Ramona M. Graves
Professor and Dean of CERSE
Room 201 Marquez Hall
Golden, Colorado 80401 USA
Office: (303) 273-3746
B.S., Kearney State College
Ph.D., Colorado School of Mines
Reservoir characterization, dynamic and static mechanical rock properties, in-situ stress evaluation, sand control, subsidence control, laser/rock interaction, and multidisciplinary research.
She is Director of the Laser/Rock Interaction and Co-Director of the Center For Earth Materials, Mechanics, and Characterization (CEMMC)
Petroleum engineering, contrary to the common assumption, is not a narrowly focused engineering discipline. A petroleum engineer must have a good understanding of chemistry, physics, geology, economics, statics, thermodynamics, strength of materials, fluid behavior, rock behavior, the interaction between fluid and rock, and other fields. Graduate studies are therefore an excellent avenue by which to further investigate the relationships between any of these fields, or to gain a better understanding of the complexities of petroleum reservoirs.
My primary research is in the area of reservoir characterization and laser/rock interaction. To best develop and exploit a petroleum reservoir, an engineer must understand the flow, capillary, and mechanical properties of a porous media. Our research wing contains the reservoir characterization lab, which is equipped with state-of-the-art rock measuring systems. Permeabilities (ability of a porous media to transmit fluid) can be measured on reservoir rocks that look and behave like concrete to those that look and behave like beach sand. The mechanical properties measured are used to predict reservoir compaction and surface subsidence, as well as how easily the rock will fracture.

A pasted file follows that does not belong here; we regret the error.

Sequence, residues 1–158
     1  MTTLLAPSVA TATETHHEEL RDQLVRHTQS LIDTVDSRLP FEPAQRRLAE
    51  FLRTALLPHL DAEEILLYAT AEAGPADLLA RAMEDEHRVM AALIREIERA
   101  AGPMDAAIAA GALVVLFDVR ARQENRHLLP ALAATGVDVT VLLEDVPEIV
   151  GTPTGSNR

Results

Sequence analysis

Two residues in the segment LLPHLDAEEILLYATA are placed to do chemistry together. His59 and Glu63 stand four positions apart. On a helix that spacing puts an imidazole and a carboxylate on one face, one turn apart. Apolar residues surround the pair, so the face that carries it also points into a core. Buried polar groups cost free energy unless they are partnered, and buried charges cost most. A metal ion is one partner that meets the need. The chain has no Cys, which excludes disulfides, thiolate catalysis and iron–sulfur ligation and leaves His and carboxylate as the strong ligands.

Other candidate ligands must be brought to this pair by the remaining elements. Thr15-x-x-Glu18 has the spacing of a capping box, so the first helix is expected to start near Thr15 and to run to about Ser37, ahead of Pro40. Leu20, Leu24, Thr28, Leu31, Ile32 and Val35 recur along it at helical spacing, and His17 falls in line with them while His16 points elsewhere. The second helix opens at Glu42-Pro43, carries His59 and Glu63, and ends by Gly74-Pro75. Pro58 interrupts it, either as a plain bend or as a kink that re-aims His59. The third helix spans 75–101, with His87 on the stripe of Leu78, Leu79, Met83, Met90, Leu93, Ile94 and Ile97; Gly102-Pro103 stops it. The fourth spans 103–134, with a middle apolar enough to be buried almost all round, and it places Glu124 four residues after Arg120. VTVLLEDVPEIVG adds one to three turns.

Most of these rock properties can be used to predict and remediate environmental problems and to predict groundwater movement. Because measurements can be made on any rock type, I am currently working with very low permeability rocks which might be used as underground storage for hazardous waste. Many students from other departments on this campus make use of this equipment, either as an independent project or working in conjunction with a petroleum engineering graduate student. There is broad application of this research outside of the petroleum industry.
These areas of research are truly interdisciplinary. The student must apply statics and dynamics, rock and fluid properties, wave theory, and strength of materials to specific petroleum engineering problems. My goal for a student under my supervision is that the student learns to formulate a problem, find a path to the solution, integrate many disciplines to solve the problem, and finally, be able to communicate the problem and the solution to a variety of audiences. This specific type of research (theoretical or experimental, computer oriented or not, basic or applied) is secondary to the importance of a student gaining the ability to question, to answer, and to communicate.